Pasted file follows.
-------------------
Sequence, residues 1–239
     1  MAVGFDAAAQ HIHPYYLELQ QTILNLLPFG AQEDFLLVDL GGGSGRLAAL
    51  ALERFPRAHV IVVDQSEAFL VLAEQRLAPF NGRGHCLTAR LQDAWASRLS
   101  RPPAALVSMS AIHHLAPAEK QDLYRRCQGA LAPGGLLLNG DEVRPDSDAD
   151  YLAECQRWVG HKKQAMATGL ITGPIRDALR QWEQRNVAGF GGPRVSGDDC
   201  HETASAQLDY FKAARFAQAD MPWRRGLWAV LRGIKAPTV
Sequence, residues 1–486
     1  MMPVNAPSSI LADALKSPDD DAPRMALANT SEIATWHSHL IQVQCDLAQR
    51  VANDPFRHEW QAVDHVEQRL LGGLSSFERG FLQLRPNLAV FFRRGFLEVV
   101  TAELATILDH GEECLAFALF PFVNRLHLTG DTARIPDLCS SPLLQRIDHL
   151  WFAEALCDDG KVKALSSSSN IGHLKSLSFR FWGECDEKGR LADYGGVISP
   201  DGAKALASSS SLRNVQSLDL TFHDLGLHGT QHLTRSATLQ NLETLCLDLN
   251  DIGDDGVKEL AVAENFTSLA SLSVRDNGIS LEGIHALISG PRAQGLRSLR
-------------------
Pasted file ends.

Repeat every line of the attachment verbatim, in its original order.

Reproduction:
Sequence, residues 1–239
     1  MAVGFDAAAQ HIHPYYLELQ QTILNLLPFG AQEDFLLVDL GGGSGRLAAL
    51  ALERFPRAHV IVVDQSEAFL VLAEQRLAPF NGRGHCLTAR LQDAWASRLS
   101  RPPAALVSMS AIHHLAPAEK QDLYRRCQGA LAPGGLLLNG DEVRPDSDAD
   151  YLAECQRWVG HKKQAMATGL ITGPIRDALR QWEQRNVAGF GGPRVSGDDC
   201  HETASAQLDY FKAARFAQAD MPWRRGLWAV LRGIKAPTV
Sequence, residues 1–486
     1  MMPVNAPSSI LADALKSPDD DAPRMALANT SEIATWHSHL IQVQCDLAQR
    51  VANDPFRHEW QAVDHVEQRL LGGLSSFERG FLQLRPNLAV FFRRGFLEVV
   101  TAELATILDH GEECLAFALF PFVNRLHLTG DTARIPDLCS SPLLQRIDHL
   151  WFAEALCDDG KVKALSSSSN IGHLKSLSFR FWGECDEKGR LADYGGVISP
   201  DGAKALASSS SLRNVQSLDL TFHDLGLHGT QHLTRSATLQ NLETLCLDLN
   251  DIGDDGVKEL AVAENFTSLA SLSVRDNGIS LEGIHALISG PRAQGLRSLR